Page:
J & J Sports Productions, Inc. v. Veloz et al

Filing 37

FINDINGS and RECOMMENDATIONS Striking Defendant's Answer and Entering Default re 1 Complaint, Signed by Magistrate Judge Jennifer L. Thurston on 4/26/2012. Objections to Findings & Recommendations due within 14 days. Matter referred to Judge Lawrence J. O'Neill. (Hall, S)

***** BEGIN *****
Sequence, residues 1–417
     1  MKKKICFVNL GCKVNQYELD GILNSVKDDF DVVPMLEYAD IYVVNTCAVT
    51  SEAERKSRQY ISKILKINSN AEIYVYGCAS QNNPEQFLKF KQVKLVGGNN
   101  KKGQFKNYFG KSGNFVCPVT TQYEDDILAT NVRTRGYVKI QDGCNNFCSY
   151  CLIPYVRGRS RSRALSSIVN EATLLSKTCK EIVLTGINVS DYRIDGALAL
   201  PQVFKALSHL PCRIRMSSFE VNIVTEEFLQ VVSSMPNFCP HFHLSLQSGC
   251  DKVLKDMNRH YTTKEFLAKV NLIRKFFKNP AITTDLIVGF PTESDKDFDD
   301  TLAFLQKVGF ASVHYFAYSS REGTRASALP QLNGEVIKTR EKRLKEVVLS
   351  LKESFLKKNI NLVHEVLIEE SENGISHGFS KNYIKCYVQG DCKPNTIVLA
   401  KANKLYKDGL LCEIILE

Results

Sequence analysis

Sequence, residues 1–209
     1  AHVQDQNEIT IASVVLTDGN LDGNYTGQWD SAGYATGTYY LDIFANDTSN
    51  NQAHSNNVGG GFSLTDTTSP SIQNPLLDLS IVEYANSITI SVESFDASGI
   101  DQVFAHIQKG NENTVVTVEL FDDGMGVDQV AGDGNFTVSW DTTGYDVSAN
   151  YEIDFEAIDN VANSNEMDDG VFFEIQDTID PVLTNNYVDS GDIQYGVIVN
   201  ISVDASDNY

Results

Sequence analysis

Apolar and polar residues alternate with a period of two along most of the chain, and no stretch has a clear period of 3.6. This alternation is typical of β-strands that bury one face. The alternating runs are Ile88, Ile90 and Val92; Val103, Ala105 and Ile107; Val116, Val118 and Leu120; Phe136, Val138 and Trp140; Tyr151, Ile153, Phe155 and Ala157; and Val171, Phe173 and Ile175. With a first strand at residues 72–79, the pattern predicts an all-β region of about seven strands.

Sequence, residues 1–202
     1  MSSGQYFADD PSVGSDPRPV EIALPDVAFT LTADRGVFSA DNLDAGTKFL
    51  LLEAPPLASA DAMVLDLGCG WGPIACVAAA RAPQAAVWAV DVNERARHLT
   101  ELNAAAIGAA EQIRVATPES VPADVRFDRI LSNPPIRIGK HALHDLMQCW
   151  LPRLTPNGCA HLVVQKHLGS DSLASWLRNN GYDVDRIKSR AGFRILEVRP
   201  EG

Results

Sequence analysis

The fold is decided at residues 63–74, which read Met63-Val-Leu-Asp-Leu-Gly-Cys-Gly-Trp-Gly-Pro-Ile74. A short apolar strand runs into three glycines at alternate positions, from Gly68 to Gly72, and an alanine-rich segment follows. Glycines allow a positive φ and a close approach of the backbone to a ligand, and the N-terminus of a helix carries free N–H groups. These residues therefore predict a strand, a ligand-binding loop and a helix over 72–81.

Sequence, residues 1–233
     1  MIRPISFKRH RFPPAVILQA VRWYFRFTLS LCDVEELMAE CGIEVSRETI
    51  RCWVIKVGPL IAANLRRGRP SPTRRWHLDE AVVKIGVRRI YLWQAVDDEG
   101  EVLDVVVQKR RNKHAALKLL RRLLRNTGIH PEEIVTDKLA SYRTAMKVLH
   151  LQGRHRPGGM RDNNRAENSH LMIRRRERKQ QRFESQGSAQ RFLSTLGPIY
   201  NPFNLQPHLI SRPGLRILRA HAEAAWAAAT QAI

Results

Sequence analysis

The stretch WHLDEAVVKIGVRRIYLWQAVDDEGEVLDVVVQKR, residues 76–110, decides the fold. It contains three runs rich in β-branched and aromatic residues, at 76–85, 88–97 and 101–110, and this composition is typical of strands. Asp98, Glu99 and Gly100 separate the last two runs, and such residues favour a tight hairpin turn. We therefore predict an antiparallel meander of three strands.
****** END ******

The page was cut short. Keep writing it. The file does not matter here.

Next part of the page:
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1 2 3 4 5 6 7 8 UNITED STATES DISTRICT COURT 9 EASTERN DISTRICT OF CALIFORNIA 10 11 J&J SPORTS PRODUCTION, INC., 12 Plaintiff, 13 14 v. JUAN MANUEL VELOZ, et al., 15 Defendants. 16 ) ) ) ) ) ) ) ) ) ) Case No.: 1:10-cv-00761 LJO JLT FINGINGS AND RECOMMENDATION STRIKING DEFENDANT’S ANSWER AND ENTERING DEFAULT 17 18 19 I. Background On March 7, 2012, the Court issued a minute order continuing the settlement conference based 20 upon the unavailability of key personnel for Plaintiff. (Doc. 34) By that time, the Court had been 21 informed that Plaintiff had attempted contact with Defendant, Mr. Veloz, several times to discuss 22 settlement of the matter but he had not returned the messages. Therefore, the Court ordered Mr. Veloz 23 to return the calls placed by Plaintiff to discuss settlement options. Id. The Court ordered the parties 24 to lodge settlement conference statements no later than April 16, 2012, in advance of the April 26, 25 2012 continued settlement conference date and advised Defendant that his failure to comply would 26 27 28 1 1 result in sanctions being imposed including “striking his answer and entering judgment.” Id. This 2 order was returned by the postal service as “Undeliverable. Forward Time Expired.”1 3 Plaintiff lodged its settlement conference statement but Mr. Veloz did not. Moreover, the 4 Court was advised by Plaintiff’s counsel that Mr. Veloz did not return Plaintiff’s calls—despite 5 repeated efforts by Plaintiff to reach him—and, therefore, the parties did not have any current 6 settlement discussions. On April 17, 2012, the Court issued an order reciting these facts. (Doc. 35) 7 The order also noted, 8 Mr. Veloz is advised that his failure to appear at the settlement conference on April 26, 2012 at 10:00 a.m. SHALL result in a recommendation that his answer be stricken and default judgment be entered against him. 9 10 11 (Doc. 35 at 2) Once again, this order was returned as undeliverable. On April 26, 2012, the Court 12 held the settlement conference but Defendant did not appear. Likewise, the Court notes that 13 Defendant did not lodge a settlement conference statement or appear that the previously scheduled 14 settlement conference. 15 II. Analysis The Local Rules, corresponding with Fed. R. Civ. P. 11, provide: “Failure of counsel or of a 16 17 party to comply with . . . any order of the Court may be grounds for the imposition by the Court of any 18 and all sanctions . . . within the inherent power of the Court.” L.R. 110. Moreover, “[d]istrict courts 19 have inherent power to control their dockets,” and in exercising that power, a court may impose 20 sanctions including dismissal of an action. Thompson v. Housing Authority of Los Angeles, 782 F.2d 21 829, 831 (9th Cir. 1986). A court may dismiss an action with prejudice, based on a party’s failure to 22 prosecute an action or failure to obey a court order, or failure to comply with local rules. See, e.g., 23 Ghazali v. Moran, 46 F.3d 52, 53-54 (9 th Cir. 2995) (dismissal for failure to comply with local rules); 24 Ferdik v. Bonzelet, 963 F.2d 1258, 1260-61 (9th Cir. 1992) (dismissal for failure to comply with an 25 order requiring amendment of complaint); Malone v. U.S. Postal Service, 833 F.2d 128, 130 (9th Cir. 26 27 28 1 Notably, a forwarding order with the United States Postal Service expires after six months. Defendant has not filed a change of address notification form. 2 1 1987) (dismissal for failure to comply with a court order); Henderson v. Duncan, 779 F.2d 1421, 1424 2 (9th Cir. 1986) (dismissal for failure to prosecute and to comply with local rules). 3 In determining whether to dismiss an action for failure to prosecute or failure to obey a court 4 order, the Court must consider several factors, including: “(1) the public’s interest in expeditious 5 resolution of litigation; (2) the court’s need to manage its docket; (3) the risk of prejudice to the 6 defendants; (4) the public policy favoring disposition of cases on their merits; and (5) the availability 7 of less drastic sanctions.” Henderson, 779 F.2d at 1423-24; see also Ferdik, 963 F.2d at 1260-61; 8 Thomspon, 782 F.2d at 831. In the case at hand, the public’s interest in expeditiously resolving this litigation and the 9 10 Court’s interest in managing the docket weigh in favor of dismissal. The risk of prejudice to the 11 defendants also weighs in favor of dismissal, since a presumption of injury arises from the occurrence 12 of unreasonable delay in prosecution of an action. See Anderson v. Air West, 542 F.2d 522, 524 (9th 13 Cir. 1976). The Court will not, and cannot, hold the case in abeyance based upon Defendant’s failure 14 defend this action. Further, the policy favoring disposition of cases on their merits is outweighed by 15 the factors in favor of striking the answer and entering default. 16 This Court has warned Defendant repeatedly that he would be subject to sanctions, including 17 striking his answer and default being entered, if he fails to comply with the Court’s orders. Thus, 18 Defendant had adequate warning that dismissal would result from his noncompliance with the Court’s 19 order, and this satisfies the requirement that the Court consider less drastic measures than dismissal of 20 the action. Ferdik, 963 F.2d at 1262; Henderson, 779 F.2d at 1424. Moreover, no lesser sanction is 21 feasible given the Court’s inability to communicate with Defendant. 22 IV. 23 Findings and Recommendations Defendant has failed to prosecute his case and comply with the Court’s orders, and follow the 24 requirements of the Local Rules in this action. As set forth above, the factors set forth by the Ninth 25 Circuit weigh in favor of dismissal of the matter. 26 Accordingly, IT IS HEREBY RECOMMENDED: 27 1. Defendant’s answer be STRICKEN; 28 3 1 2 2. Plaintiff be ordered to file its motion for default judgment within 45 days of the order adopting this Findings and Recommendations. 3 These Findings and Recommendations are submitted to the United States District Judge 4 assigned to the case, pursuant to the provisions of 28 U.S.C. § 636(b)(1)(B) and Rule 304 of the 5 Local Rules of Practice for the United States District Court, Eastern District of California. Within 6 fourteen days after being served with these Findings and Recommendations, any party may file 7 written objections with the court. Such a document should be captioned “Objections to Magistrate 8 Judge’s Findings and Recommendations.” The parties are advised that failure to file objections within 9 the specified time may waive the right to appeal the District Court’s order. Martinez v. Ylst, 951 F.2d 10 1153 (9th Cir. 1991). 11 12 13 IT IS SO ORDERED. 14 15 16 Dated: April 26, 2012 /s/ Jennifer L. Thurston UNITED STATES MAGISTRATE JUDGE DEAC_Signature-END: 9j7khijed 17 18 19 20 21 22 23 24 25 26 27 28 4